Summative Assessment Hours 3,
Programme Level Learning and Teaching Hours 4,
Directed Learning and Independent Learning Hours
|Additional Information (Learning and Teaching)
Note: combination may vary
|Assessment (Further Info)
|Additional Information (Assessment)
||Exam: 75%; Coursework: 25%
1. Assessed Essay - 15%
2. Extended Abstract - 5%
3. Field note and summary of fieldwork topic - 5%
- Assessed essay: submitted in Semester 1, Wednesday Week 7 by 12noon via Turnitin
- Extended abstract: submitted in Semester 1, Wednesday Week 9 by 12noon via Turnitin
- Field note and summary of fieldwork topic, c. late April (depending on fieldtrip dates) submission date TBD (1 week after trip ends)
- Exam: May Exam Diet 2021
||1. Group discussion of Cyprus geology in semester 1;
2. Course discussion seminars, as advertised in semester 1;
3. Peer and staff feedback following student presentations during Cyprus excursion;
4. Individual feedback on Cyprus extended abstracts and notebooks.
5. Individual and group feedback and discussion during the field excursions.
||Hours & Minutes
|Main Exam Diet S2 (April/May)||Evolution of the Modern Earth and Cyprus Excursion for Geologists||3:00|
On completion of this course, the student will be able to:
- Taking students to the research frontier in selected topics;
- Synthesis and integration across subject boundaries;
- Consolidation of rock recognition and petrographic skills;
- Learning to present and discuss geological information in a field context;
- Preparation for post-graduation life in the professional world.
|Sem 1 You will be supplied with appropriate reference material for the study of Cyprus geology.|
Sem 2 You are expected to study a minimum of two recommended papers for each lecture topic, as in the list below (most are on LEARN).
Suggested references for sem 2 lecture course
1 & 2 D. Kroon: Pelagic sediments
Seibold, E and Berger, W.H., 1982. The Sea Floor, chapter 3. Sources and composition of marine sediments, Springer-Verlag, pages 54-76.
Seibold, E. and Berger, W.H., 1982. The Sea Floor, chapter 8. Patterns of Deep Sea Sedimentation, Springer-Verlag, pages 181-201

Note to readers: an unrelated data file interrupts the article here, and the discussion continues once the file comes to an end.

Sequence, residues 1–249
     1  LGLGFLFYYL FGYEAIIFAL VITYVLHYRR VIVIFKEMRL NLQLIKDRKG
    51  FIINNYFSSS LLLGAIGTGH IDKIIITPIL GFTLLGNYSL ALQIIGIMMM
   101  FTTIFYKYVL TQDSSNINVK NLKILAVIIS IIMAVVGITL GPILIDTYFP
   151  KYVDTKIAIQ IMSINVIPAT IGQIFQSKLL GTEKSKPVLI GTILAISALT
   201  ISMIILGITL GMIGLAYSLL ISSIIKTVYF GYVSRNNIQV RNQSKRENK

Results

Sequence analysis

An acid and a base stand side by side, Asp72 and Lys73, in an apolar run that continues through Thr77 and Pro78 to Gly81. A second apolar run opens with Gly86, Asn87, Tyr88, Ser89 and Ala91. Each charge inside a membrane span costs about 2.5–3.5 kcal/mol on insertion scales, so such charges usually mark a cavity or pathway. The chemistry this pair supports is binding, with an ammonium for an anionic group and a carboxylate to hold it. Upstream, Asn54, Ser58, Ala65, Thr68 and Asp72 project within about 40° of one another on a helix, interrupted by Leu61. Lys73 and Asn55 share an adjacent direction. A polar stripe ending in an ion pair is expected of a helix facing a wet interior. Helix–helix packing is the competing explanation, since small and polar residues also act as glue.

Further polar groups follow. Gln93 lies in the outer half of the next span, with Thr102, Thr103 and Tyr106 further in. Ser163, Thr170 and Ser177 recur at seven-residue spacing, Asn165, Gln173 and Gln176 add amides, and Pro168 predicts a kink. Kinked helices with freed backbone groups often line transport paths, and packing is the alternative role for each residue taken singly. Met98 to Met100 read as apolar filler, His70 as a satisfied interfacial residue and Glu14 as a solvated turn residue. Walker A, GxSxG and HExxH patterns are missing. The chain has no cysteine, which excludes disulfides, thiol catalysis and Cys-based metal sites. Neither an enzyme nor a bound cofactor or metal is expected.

3. A Robertson: Sedimentation-Early rift phase
Gawthorpe, R.L., Leeder, M.R., 2000. Tectono-sedimentary evolution of active extensional basins. Basin Research 12, 195-218.
Tucholke, B.E., Sawyer, D.S., Sibuet, J.-C., 2007. Break-up of the Newfoundland-Iberia rift. In Karner, G.D. et al. (eds). Imaging, Mapping and Modelling Continental Lithosphere Extension and Breakuo Geological Society, London Special Publication 292, 9-46.
4. A Robertson: Rift and passive margin sedimentation
Larsen, H.C., 2005. Investigations of rifted margins. JOIDES Journal 85-90.
Manatschal, G., Müntener, O., Lavier, L.L., Misshull, T.A., Peron-Pinvidic, G., 2007. Observations from thee Alpine Tethys and the Iberia-Newfoundland margins pertinent to the interpretation of continental breakup. In Karner, G.D. et al. (eds). Imaging, Mapping and Modelling Continental Lithosphere Extension and Breakuo Geological Society, London Special Publication 292, 291-324.
5. A. Robertson Sedimentation on mature passive margins
Reading H.G. Ed. Sedimentary Environments and Facies, Blackwell, 3rd edit,
Ch, Deep Seas, Stow et al. p, 395-451.
Einsele, G. Sedimentary Basins, Springer-Verlag Ch 5 Oceanic sediments 177-231
Note-In library; copies in dungeon or see AHFR
6. Robertson: British Mid-ocean Ridge project and oceanic crust.
Humphries, S., 2002. Altered rock and seafloor massive sulphide deposits: the record of hydrothermal processes. JOIDES Journal, 28, No 1, 67-72
J. A. Pearce., 2002. The Oceanic Lithosphere. JOIDES Journal, 28, No 1, 61-66.
7. G. Fitton: Large igneous provinces
Coffin, M.F. & O. Eldholm (1994) Large igneous provinces: crustal structure, dimensions, and external consequences, Reviews of Geophysics, 32, 1-36.
Wignall, P.B., (2001) Large igneous provinces and mass extinctions. Earth-Science Reviews 53, 1 - 33.
8. A Robertson: Arc-trench sedimentation
Plank, T., 2002. Subduction factory input and output JOIDES Journal, 28, No 1, 73-77.
Moore, C. and Silver, E., 2002. Fluid flow in accreting and eroding convergent margins. Journal, 28, No 1, 91-96. (given out in class)
9. A. Robertson: Backarc and fore-arc basins